VOL: 98, ISSUE: 28, PAGE NO: 34
Neil Wrightson, RGN, is transplant coordinator;Alison Blake, RGC, is ward sister;Lisa English, RGN, is ward sister, Freeman Hospital, Newcastle-upon-Tyne
When a donor becomes available the prospective recipient is rushed to hospital as an emergency and prepared for theatre. There follows an anxious period, waiting to hear whether the donor heart is suitable. If it is acceptable, the patient is transferred to theatre and given an anaesthetic, intubated, and has lines inserted.
In the immediate postoperative period - until haemostasis and haemodynamic stability are achieved - the patient will be nursed in a designated cardiac ICU. Extubation is usually rapid, and done once arterial blood gases are found to be satisfactory. Management of the patient usually includes monitoring intra-arterial blood pressure, central venous pressure (CVP), left atrial pressure (LAP) and pulmonary artery pressures (PAP).
Following transfer, ECG monitoring and routine observations will be sustained. In addition, invasive blood pressure and CVP monitoring will continue for a day or two. Mediastinal drains are usually removed soon after transfer when drainage is minimal.
Rejection following cardiac transplant is most common in the first six to 12 weeks, although it can occur at any time. Triple therapy anti-rejection treatment consisting of cyclosporin, azathioprine and prednisolone is most commonly administered postoperatively, but the drug regimen will vary from centre to centre. Agents such as tacrolimus, and mycophenolate mofetil can also be used.
- Abnormal liver function;
- Bone-marrow suppression;
- Post-transplant lymphoproliferative disease;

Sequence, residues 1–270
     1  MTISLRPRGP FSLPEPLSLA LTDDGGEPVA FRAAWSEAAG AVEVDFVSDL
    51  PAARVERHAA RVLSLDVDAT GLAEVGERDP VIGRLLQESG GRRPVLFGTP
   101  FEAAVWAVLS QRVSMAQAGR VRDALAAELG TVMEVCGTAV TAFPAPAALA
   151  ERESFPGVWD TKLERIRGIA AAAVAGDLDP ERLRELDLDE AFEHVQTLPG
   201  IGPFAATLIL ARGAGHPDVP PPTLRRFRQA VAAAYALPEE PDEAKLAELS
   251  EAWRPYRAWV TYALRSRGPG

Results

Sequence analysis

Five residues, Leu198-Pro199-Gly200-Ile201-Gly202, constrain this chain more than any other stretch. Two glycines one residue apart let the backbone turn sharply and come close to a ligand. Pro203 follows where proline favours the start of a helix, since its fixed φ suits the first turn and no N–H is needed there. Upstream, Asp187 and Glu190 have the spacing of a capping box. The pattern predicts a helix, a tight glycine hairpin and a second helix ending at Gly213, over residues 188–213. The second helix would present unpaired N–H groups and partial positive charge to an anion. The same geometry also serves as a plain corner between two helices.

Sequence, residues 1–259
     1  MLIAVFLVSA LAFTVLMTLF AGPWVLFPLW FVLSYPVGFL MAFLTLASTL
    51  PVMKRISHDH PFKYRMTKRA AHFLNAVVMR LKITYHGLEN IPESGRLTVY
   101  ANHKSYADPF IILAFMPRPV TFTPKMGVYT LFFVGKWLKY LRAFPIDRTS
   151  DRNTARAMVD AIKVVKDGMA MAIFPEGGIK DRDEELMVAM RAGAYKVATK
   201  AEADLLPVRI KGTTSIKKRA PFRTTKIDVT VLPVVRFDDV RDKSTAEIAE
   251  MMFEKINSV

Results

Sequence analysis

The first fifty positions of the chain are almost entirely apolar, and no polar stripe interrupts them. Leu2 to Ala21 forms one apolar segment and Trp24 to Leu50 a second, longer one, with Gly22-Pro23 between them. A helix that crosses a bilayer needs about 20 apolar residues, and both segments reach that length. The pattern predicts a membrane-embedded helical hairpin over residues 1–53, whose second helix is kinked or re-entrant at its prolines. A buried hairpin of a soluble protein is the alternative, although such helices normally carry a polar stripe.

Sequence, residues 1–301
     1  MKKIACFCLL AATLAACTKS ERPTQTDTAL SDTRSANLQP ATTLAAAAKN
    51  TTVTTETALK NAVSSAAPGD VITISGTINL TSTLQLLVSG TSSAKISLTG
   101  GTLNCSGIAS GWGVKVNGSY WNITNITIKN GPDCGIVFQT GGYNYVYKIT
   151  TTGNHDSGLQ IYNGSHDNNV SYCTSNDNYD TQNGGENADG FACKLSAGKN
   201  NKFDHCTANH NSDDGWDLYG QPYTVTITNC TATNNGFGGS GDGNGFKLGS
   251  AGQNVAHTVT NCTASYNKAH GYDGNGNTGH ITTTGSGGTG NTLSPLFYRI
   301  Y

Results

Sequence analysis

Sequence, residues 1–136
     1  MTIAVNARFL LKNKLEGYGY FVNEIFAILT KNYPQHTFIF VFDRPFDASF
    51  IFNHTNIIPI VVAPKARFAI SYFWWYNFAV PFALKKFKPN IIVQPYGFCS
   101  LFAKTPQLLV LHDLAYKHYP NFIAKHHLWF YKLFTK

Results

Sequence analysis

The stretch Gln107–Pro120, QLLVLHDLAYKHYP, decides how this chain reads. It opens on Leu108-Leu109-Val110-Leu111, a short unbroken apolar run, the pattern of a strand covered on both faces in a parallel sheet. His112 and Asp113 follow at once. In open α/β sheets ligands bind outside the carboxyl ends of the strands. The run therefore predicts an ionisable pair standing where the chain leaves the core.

- Increased incidence of skin cancer/malignancies;
- Acne/moon face/facial hair;
- Weight gain;
- Low grade temperature;
- Lethargy/general malaise;
- Shortness of breath;
- Soft heart sounds/S3 gallop.
Patients taking immunosuppressive drugs are inevitably at risk of infection. All patients are initially nursed in cubicles with restricted visiting. The focus of care to minimise infection risk is early extubation, the removal of lines and ambulation. Antibiotic therapy of flucloxacillin 500mg four times a day is given for 48 hours. In addition, short-term anti-infective treatment will include nystatin suspension (antifungal mouthwash); acyclovir 200mg three times a day (antiviral); and sulfamethoxazole trimethoprim 480mg once a day (to prevent Pneumocystis carinii infection).
Good pain control is essential to aid recovery from transplant and facilitate cooperation with physiotherapy (Coleman and Bucker-Milburn, 1996). Although all patients are assessed individually, patient-controlled analgesia (morphine) is commonly used, followed by oral dihydrocodeine and paracetamol. Patients are encouraged to express their needs. Referral to the specialist pain team can be made, if necessary.
All patients are assessed for the risk of deep-vein thrombosis and will usually be prescribed low molecular weight anticoagulants once a day until they are mobile. Patients who develop thromboembolic problems may require formal anticoagulation therapy.
As soon as adequate gastrointestinal function is established, patients are encouraged to eat and drink, and intravenous fluids are discontinued. A good fluid intake of 2L in 24 hours is optimal. In the early postoperative period, a diet high in protein and calories is encouraged to aid recovery and tissue repair (Verity, 1996).
Although successful transplantations have much to do with advances in surgical technique, physical management and immunosuppression, a patient's emotional and behavioural responses contribute significantly to long-term survival and progress following transplantation.
- Thorough explanations of the need for medication and clinic visits (even when the patient feels well);
- The planning of medication regimens to fit into the person's lifestyle, through mutually acceptable times, (Cramer, 1991);
- The creation of opportunities to discuss emotional issues, for example, hospital helplines;
- Good rehabilitation (DeGeest et al, 1996).
Rehabilitation and education are ongoing processes following the operation, culminating in discharge into hospital accommodation or home within two to three weeks of transplantation.